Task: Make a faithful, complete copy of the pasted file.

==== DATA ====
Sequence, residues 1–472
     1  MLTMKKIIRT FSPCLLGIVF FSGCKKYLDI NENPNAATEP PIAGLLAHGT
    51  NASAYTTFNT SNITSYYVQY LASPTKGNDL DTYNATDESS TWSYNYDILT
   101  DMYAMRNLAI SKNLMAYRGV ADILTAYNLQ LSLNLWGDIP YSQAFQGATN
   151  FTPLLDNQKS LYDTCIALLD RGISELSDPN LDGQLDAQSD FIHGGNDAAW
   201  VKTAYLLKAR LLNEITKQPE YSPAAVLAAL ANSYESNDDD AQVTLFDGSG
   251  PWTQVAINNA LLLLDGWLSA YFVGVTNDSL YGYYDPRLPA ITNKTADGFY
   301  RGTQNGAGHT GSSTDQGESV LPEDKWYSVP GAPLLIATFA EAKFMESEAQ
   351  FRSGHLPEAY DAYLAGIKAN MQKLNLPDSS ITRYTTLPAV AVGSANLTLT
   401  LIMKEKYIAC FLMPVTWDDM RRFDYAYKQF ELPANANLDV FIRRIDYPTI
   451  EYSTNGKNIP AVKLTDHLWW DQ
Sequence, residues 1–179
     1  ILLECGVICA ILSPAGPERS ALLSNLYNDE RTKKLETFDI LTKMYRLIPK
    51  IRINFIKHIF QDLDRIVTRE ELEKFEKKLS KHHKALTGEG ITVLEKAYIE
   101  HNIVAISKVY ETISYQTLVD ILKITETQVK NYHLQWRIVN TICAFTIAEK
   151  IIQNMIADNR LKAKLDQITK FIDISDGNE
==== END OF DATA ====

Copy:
Sequence, residues 1–472
     1  MLTMKKIIRT FSPCLLGIVF FSGCKKYLDI NENPNAATEP PIAGLLAHGT
    51  NASAYTTFNT SNITSYYVQY LASPTKGNDL DTYNATDESS TWSYNYDILT
   101  DMYAMRNLAI SKNLMAYRGV ADILTAYNLQ LSLNLWGDIP YSQAFQGATN
   151  FTPLLDNQKS LYDTCIALLD RGISELSDPN LDGQLDAQSD FIHGGNDAAW
   201  VKTAYLLKAR LLNEITKQPE YSPAAVLAAL ANSYESNDDD AQVTLFDGSG
   251  PWTQVAINNA LLLLDGWLSA YFVGVTNDSL YGYYDPRLPA ITNKTADGFY
   301  RGTQNGAGHT GSSTDQGESV LPEDKWYSVP GAPLLIATFA EAKFMESEAQ
   351  FRSGHLPEAY DAYLAGIKAN MQKLNLPDSS ITRYTTLPAV AVGSANLTLT
   401  LIMKEKYIAC FLMPVTWDDM RRFDYAYKQF ELPANANLDV FIRRIDYPTI
   451  EYSTNGKNIP AVKLTDHLWW DQ
Sequence, residues 1–179
     1  ILLECGVICA ILSPAGPERS ALLSNLYNDE RTKKLETFDI LTKMYRLIPK
    51  IRINFIKHIF QDLDRIVTRE ELEKFEKKLS KHHKALTGEG ITVLEKAYIE
   101  HNIVAISKVY ETISYQTLVD ILKITETQVK NYHLQWRIVN TICAFTIAEK
   151  IIQNMIADNR LKAKLDQITK FIDISDGNE